Your typical "8x8" flue tile measures about 6.5" ID. Now, factor in offsets, misaligned tiles and protruding mortar and yes, it gets fun pulling a 6" ID liner down one but it is done every day with no problems.

A corrugated stainless steel liner typically must be de-rated 20% plus an additional 20% for any offsets. There are a few smooth wall liners available to buy back 20% when you're too close in your sizing.

Use a listed liner meaning UL1777 and install to the mfrs. listing and your codes. Usually insulation is not required for oil and gas but recommended. I use air insulation and it works better than blankets IMHO.

chimney?

@ March 18, 2014 7:09 AM in Thermo couples

If the chimney is not venting properly, it can spill CO2, which displaces O2 causing pilots to snuff out. 

liners

@ March 18, 2014 7:07 AM in New Flue

Chimneys have been required to be lined since 1927. Whenever you replace equipment you must inspect the chimney and repair it as necessary so its is suitable for the class of service. You got ripped off by this company. Even if the chimney looks ok, the material in the base tells us it is not. Reline it. Do not use this company again and I'd request a refund. Every standard in the industry disagrees with their assessment. including most IOM manuals. 

chimney inspection

@ March 13, 2014 9:32 PM in converting oil burner to gas

When converting fuels, NFPA 211 requires a level II (comprehensive) inspection. This will undoubtedly require relining if not already done and properly sized. The chimney will need to be swept as well. 

Level II inspection

@ March 9, 2014 9:36 PM in New Flue

I would ask the chimney contractor to perform a Level II inspection, which is a comprehensive top to bottom inspection. That will determine if the chimney is suitable for continued use and what repairs if any are warranted. Since there was material at the base of the chimney that means that material is no longer where it started up in the flue, hence your flue can no longer perform its intended function. You will need a liner. The liner must be suitable for the class of service. Since this chimney once served oil, any liner must be 316 alloy of stainless steel or better. Most liners are 316Ti these days with a pinch of titanium thrown in. Get one with a transferrable lifetime warranty btw.

The liner must be at least the size of the appliance collar. In addition, corrugated liners must be de-rated for corrugation (20%) plus an additional 20% for any offsets.

The vent connector galvanized steel pipe gauge thickness is determined by NFPA 211, which calls for 26 ga. below 6", 24 ga. 6-10", 22 ga. for 10-16" then 16 ga.above 16". You can drop one ga. size smaller if using stainless steel. In other words, for a 6" flue, you can use a 24 ga. galv. or 26 ga. ss connector. Follow 211 for pitch, connections, support, etc. No flat runs--min. 1/4" per foot slope upwards to the chimney.

You can not use B-vent inside a chimney that once burned oil--it will eat it up.

The barometric damper should be located close to the appliance but leave at least 2 duct diameters from the appliance collar and any ells to you can drill your test hole for combustion analysis. I try to locate them on the vertical rise if possible. If you must install it on the horizontal leg, you have to reposition the adjusting weight to the left side of on Field RC dampers. Bull head tees for baros. are not recommended for oil. See the diagram from Field Controls for damper placment.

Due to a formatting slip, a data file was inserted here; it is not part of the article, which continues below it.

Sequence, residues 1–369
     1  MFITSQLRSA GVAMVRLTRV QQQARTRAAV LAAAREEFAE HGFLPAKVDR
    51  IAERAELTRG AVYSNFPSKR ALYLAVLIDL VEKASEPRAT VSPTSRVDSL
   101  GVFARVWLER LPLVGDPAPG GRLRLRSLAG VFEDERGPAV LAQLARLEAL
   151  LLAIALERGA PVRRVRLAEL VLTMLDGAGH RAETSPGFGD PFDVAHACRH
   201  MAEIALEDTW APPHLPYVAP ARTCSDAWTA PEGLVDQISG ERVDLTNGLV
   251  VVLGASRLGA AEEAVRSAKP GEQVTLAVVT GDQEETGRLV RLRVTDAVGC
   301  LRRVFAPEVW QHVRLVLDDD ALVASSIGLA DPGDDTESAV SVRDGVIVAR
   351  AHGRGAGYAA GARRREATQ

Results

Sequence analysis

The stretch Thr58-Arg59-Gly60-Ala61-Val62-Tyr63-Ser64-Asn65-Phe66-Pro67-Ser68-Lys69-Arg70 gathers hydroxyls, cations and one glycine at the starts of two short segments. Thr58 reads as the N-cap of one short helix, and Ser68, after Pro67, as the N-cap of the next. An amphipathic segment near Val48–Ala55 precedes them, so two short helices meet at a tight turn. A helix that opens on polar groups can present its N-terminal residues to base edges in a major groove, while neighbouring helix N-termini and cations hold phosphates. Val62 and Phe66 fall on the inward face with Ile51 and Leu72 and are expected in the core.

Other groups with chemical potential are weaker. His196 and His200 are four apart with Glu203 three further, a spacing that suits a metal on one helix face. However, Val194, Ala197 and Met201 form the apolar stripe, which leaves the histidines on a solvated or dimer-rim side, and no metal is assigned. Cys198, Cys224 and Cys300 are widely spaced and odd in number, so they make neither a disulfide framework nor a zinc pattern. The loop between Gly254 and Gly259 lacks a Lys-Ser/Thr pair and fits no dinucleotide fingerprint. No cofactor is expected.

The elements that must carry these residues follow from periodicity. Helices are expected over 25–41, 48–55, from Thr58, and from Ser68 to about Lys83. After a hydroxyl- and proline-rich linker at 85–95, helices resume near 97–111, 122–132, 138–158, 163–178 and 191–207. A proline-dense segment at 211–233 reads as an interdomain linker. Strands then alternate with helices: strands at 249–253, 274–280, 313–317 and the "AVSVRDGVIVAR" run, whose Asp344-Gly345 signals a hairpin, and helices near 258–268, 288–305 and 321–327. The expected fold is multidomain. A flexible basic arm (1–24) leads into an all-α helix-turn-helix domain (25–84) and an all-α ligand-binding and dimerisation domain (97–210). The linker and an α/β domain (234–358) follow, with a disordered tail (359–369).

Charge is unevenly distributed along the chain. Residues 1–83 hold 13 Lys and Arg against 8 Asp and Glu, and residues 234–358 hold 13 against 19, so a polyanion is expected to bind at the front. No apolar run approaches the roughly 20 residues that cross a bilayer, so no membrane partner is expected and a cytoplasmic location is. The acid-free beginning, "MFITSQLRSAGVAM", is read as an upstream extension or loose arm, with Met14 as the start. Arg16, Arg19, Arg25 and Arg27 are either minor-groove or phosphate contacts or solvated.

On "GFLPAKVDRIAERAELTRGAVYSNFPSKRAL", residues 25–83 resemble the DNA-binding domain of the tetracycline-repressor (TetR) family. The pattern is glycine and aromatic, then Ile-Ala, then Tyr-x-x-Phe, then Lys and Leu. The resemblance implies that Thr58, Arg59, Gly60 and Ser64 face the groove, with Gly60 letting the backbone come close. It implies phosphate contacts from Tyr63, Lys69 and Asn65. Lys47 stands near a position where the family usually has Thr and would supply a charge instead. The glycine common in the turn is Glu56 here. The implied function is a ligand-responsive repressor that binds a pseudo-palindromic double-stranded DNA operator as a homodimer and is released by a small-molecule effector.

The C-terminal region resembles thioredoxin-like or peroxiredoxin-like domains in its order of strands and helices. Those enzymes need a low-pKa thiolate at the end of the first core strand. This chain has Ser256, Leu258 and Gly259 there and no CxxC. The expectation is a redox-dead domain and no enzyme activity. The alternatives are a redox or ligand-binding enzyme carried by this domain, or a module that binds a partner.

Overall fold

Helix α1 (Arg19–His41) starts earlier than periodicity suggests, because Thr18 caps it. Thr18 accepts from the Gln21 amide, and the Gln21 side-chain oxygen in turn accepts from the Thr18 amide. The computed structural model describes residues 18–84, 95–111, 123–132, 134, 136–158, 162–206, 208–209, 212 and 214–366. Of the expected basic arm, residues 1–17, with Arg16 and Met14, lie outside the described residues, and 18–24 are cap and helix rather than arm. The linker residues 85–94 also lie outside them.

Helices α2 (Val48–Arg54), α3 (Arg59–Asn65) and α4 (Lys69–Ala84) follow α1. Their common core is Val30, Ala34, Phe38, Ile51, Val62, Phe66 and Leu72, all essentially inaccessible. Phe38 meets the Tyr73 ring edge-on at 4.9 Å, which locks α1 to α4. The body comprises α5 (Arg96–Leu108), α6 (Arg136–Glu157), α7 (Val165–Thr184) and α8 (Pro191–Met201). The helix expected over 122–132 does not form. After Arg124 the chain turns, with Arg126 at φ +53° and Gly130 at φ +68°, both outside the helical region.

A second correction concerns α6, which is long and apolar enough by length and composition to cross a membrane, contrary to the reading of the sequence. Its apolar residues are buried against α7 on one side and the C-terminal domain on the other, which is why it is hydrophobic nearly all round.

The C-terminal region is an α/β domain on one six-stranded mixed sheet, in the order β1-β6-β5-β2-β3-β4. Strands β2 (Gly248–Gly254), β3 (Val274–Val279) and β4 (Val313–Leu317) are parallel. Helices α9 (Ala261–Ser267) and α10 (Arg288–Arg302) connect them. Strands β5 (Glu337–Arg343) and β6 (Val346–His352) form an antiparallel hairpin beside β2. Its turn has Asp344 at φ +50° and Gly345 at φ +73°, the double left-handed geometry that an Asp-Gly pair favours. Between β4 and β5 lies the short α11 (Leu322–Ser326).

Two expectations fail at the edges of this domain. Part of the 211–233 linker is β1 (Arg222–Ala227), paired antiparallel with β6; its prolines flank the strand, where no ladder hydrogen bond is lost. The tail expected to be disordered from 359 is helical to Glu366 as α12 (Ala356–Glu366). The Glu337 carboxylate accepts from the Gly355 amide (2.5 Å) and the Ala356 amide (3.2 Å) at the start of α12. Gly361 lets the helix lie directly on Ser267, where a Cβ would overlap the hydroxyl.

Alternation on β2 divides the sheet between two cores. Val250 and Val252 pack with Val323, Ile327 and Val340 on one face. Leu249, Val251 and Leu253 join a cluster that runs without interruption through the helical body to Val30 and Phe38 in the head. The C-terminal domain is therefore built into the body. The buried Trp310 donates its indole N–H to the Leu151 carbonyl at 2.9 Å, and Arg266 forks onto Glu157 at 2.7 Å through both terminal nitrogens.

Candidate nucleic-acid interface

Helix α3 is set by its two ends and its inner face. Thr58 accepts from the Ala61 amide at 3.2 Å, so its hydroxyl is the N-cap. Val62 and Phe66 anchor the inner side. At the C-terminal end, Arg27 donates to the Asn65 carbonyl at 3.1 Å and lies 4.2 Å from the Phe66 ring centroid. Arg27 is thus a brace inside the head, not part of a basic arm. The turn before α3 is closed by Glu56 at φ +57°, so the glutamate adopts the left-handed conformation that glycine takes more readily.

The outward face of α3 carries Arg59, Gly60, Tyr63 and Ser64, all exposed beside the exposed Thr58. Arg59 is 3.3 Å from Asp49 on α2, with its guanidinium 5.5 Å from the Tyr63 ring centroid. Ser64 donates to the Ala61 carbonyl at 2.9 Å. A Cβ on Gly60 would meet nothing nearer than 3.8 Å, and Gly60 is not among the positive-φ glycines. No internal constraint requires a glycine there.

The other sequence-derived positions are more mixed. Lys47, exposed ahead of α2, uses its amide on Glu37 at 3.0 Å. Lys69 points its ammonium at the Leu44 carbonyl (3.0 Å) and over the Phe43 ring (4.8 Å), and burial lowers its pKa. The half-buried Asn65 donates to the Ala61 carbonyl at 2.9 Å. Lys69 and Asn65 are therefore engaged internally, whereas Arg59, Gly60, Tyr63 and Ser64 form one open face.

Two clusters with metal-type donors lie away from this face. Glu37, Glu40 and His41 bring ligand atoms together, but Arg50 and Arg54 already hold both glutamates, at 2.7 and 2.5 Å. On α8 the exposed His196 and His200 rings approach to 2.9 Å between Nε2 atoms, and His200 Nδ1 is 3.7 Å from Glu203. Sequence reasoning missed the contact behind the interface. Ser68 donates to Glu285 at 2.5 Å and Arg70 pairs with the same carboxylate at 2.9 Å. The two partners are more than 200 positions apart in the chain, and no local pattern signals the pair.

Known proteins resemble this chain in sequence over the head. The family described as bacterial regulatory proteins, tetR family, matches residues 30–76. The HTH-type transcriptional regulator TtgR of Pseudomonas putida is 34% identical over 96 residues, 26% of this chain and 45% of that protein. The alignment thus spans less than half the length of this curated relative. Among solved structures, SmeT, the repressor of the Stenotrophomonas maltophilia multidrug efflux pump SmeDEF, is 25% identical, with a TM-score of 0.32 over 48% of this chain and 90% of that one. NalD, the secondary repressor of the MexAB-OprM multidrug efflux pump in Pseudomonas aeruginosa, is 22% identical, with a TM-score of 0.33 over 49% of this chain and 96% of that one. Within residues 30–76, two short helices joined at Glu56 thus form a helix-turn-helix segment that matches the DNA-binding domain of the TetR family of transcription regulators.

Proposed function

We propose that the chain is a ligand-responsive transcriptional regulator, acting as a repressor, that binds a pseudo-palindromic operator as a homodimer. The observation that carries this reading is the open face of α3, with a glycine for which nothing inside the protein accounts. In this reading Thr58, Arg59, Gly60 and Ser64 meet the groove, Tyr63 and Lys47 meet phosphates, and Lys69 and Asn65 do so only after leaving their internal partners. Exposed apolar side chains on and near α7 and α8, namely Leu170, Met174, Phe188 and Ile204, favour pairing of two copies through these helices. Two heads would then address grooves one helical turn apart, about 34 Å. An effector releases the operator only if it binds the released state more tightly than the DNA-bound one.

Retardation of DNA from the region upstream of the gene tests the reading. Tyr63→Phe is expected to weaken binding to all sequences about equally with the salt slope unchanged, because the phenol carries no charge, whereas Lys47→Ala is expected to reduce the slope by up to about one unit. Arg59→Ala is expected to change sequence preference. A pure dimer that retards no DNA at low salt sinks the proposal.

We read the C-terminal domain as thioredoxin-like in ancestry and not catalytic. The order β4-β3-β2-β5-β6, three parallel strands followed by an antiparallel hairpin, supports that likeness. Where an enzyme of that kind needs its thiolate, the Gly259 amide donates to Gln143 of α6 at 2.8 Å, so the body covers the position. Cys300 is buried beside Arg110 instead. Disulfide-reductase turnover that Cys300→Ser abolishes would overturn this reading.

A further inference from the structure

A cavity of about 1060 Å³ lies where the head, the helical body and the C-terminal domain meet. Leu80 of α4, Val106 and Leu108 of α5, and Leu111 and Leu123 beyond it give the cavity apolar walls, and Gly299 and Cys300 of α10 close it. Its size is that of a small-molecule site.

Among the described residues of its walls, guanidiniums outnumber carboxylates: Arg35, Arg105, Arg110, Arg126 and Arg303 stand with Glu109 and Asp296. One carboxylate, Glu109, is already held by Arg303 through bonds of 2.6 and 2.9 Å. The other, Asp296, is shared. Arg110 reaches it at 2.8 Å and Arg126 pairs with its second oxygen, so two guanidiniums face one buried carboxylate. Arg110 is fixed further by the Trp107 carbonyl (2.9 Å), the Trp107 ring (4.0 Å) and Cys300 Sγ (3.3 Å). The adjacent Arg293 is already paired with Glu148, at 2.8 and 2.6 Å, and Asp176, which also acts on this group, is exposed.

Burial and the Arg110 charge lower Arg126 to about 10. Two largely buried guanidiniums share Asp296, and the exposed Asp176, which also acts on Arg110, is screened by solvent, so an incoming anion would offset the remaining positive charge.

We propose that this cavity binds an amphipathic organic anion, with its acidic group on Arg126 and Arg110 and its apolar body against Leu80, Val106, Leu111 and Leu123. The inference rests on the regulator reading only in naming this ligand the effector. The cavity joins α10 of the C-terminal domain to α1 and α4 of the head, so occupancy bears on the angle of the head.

clarification on the power of demi-gods

@ March 5, 2014 7:28 PM in Pressure Relief Valves on Expansion Tanks

While ME is partially correct, your local AHJ can NOT just indiscriminately require whatever he feels like. They are code ENFORCERS--not code legislators. Every jurisdiction must have a mechanism for implementing LEGAL code change. This is typically the submission of a proposed change with supporting data and arguments/ logic. At some point, three public hearings are held for stakeholders and citizens to voice their concerns. Then the local governing body votes it into law or rejects it. Only once it has been voted into law as a local ordinance does your AHJ have the power to enforce it.

Even that process has another level of review: The International Code Council. Where the I-codes have been legally adopted, local ordinances that go above and beyond the current I-codes can be reviewed and in most cases, overturned. This happened in Pa where right after we adopted the ICC suite in 2004, some jurisdictions adopted ordinances such as residential fire sprinklers. The builders went to the ICC and have 14 of 14 cases overturned.
An AHJ has the power to rule only where there is no applicable code. Even there, he is charged with relying, whenever possible, on reports, listings, or other credible data. In the case of the expansion tanks requiring pressure relief valves, the AHJ would need to show case studies where tanks failed during unfriendly fires that resulted in personal injuries or damage to the structure significantly over and above that which would have occurred anyway. He would have to present test data showing what sort of pressures these tanks could be exposed to and what form of relief would be warranted. For instance, do you install just a pressure relief valve or a temperature/ pressure relief valve and what ratings? TPR valve stems must be fully submersed in the liquid so how are you going to do that in the piping downstream of an isolation valve. Also, what is the incidence rate of such a tank being left isolated as opposed to online? If left isolated, the boiler's pressure relief will likely discharge during heating cycles letting you know something's up and call for qualified service.